ALBUQUERQUE, N.M. (AP) — With New Mexico hospitals facing a capacity crunch because of the coronavirus outbreak, the state on Friday opened an alternate care facility for COVID-19 patients in a renovated former hospital in Albuquerque.
The state Department of Health said the Gibson Medical Center will only serve recovering COVID-19-positive adults who don't require acute care. The facility won't have an emergency hospital, intensive care unit or surgical suite, the department said in a statement.
“It is strictly a step-down care facility for patients referred from other providers," department spokeswoman Marisa Maez said in an email.
Initially, the facility will use two floors to provide 25 beds for patients needing nursing care and an additional 25 beds for isolation or quarantine. An additional two floors are available to reach a maximum capacity of 180 beds, the department said.
“This facility will alleviate some of the immense pressure our state health care system which is rapidly becoming overcrowded and taxed under the shroud of this pandemic,” said Tracie Collins, the department's secretary-designate.
Daily infections in New Mexico have surged to new highs in recent weeks. Health officials on Friday reported 2,993 new positive COVID-19 tests and 23 related deaths.
More than 1,000 people tested positive in Bernalillo county that encompasses Albuquerque. There were 218 infections within one zip code area in the Albuquerque area.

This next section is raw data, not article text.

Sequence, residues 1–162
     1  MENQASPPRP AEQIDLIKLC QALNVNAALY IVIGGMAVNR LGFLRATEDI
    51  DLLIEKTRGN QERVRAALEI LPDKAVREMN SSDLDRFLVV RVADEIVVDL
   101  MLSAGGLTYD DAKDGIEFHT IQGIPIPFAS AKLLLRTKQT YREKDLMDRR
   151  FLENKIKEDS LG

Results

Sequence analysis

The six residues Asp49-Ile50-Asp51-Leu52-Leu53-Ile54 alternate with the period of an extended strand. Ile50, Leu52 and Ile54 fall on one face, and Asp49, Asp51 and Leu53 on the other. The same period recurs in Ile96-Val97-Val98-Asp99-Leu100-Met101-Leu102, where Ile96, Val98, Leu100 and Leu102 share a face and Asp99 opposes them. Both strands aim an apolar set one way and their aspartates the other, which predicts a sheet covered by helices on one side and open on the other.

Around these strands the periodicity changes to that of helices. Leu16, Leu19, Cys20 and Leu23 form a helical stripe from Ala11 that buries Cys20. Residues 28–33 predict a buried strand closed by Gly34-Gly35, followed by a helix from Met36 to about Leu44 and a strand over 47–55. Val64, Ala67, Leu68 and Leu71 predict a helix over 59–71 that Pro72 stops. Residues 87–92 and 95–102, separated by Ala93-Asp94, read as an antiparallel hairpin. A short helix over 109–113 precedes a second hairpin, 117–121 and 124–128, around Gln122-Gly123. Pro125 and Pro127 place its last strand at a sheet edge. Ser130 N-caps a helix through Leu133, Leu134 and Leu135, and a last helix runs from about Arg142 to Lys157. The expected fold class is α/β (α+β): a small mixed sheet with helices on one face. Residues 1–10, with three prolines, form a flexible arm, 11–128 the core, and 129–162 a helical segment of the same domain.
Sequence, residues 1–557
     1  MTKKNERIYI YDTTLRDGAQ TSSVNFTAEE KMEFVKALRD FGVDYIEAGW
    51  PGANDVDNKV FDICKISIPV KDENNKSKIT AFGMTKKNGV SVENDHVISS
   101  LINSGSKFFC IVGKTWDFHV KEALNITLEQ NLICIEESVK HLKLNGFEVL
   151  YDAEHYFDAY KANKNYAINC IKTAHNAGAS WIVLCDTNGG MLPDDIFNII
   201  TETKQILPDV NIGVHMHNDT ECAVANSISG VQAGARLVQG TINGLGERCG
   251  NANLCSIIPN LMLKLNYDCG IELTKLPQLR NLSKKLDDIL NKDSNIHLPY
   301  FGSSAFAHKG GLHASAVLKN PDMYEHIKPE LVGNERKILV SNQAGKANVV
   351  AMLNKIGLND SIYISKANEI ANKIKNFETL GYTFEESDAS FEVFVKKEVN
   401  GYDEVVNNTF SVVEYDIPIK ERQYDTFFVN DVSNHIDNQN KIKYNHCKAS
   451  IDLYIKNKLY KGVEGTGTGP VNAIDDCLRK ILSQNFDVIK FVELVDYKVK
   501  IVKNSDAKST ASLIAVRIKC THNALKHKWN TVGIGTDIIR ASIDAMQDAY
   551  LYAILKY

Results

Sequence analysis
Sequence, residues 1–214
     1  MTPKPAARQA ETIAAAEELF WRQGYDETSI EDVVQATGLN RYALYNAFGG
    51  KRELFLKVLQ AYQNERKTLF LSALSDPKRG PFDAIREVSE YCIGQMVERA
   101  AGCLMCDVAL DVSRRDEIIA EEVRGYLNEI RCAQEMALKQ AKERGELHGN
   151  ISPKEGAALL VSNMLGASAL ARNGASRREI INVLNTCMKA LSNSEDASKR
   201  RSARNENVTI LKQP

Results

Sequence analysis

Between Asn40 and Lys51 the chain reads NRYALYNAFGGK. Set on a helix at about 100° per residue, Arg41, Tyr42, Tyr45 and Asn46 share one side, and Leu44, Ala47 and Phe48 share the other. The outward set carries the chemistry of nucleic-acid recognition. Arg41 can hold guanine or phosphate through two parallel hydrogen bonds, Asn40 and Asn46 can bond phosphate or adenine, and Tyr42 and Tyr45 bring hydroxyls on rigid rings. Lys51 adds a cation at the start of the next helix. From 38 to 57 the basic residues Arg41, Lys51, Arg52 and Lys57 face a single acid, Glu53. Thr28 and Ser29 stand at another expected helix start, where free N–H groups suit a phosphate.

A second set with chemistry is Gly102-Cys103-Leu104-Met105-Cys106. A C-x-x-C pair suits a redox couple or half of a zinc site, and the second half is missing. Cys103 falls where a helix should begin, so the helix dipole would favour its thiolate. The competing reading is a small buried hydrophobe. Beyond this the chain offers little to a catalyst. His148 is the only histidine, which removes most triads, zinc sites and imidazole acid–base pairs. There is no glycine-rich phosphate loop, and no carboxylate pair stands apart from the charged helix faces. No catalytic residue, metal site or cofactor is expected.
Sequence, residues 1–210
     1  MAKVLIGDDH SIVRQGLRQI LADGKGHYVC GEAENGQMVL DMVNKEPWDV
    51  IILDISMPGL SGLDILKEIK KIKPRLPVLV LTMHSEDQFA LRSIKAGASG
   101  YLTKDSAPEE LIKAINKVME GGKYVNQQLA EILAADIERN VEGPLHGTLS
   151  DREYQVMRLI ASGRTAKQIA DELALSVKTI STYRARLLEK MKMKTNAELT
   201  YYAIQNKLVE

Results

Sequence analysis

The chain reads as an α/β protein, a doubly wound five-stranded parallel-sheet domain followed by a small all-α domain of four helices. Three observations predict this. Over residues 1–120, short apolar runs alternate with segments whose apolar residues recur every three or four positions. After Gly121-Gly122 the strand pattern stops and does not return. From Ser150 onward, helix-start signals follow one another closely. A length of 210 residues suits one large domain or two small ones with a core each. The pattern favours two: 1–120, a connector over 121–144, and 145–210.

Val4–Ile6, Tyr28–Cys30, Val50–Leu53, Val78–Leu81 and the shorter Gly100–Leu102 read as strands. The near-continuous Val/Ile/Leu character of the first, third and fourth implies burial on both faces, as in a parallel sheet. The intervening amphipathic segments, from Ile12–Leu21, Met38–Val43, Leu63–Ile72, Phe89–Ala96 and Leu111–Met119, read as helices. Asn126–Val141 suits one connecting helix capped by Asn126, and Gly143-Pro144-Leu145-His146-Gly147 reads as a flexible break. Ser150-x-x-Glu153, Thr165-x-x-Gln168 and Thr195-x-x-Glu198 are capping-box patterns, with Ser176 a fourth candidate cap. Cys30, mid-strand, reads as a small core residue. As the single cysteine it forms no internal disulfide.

Nearly 3,000 people have died statewide from the virus since the outset of the pandemic.
The number of infections is thought to be far higher than reported because many people have not been tested, and studies suggest people can be infected with the virus without feeling sick.
The department said it would run the alternate care facility while relying on the University of New Mexico “for additional expertise and oversight."
Unemployed health care workers recruited to serve as temporary department employees will primarily staff the facility with augmentation by the state Medical Reserve Corps and, if needed, the New Mexico National Guard, the department said.
Officials previously said opening the facility would be be difficult because of a shortage of medical staff in New Mexico and surrounding states.
The facility, which previously housed Lovelace Hospital, remained locked and unused for months after the state and the U.S. Army Corps of Engineers spent $3.6 million to renovate the building.
It is one of dozens set by the Corps across the United States.
The state signed a one-year lease to use the privately owned building for $8.6 million a year.
Like their counterparts in other states, New Mexico hospital officials have described strains from the current pace of caring for increasing numbers of COVID-19 patients. Steps taken to cope include bringing in health care workers from other states, redeploying staff from clinics and setting up inpatient units in areas where they normally wouldn’t be located.
For most people, the new coronavirus causes mild or moderate symptoms, such as fever and cough that clear up in two to three weeks. For some, especially older adults and people with existing health problems, it can cause more severe illness, including pneumonia, and death.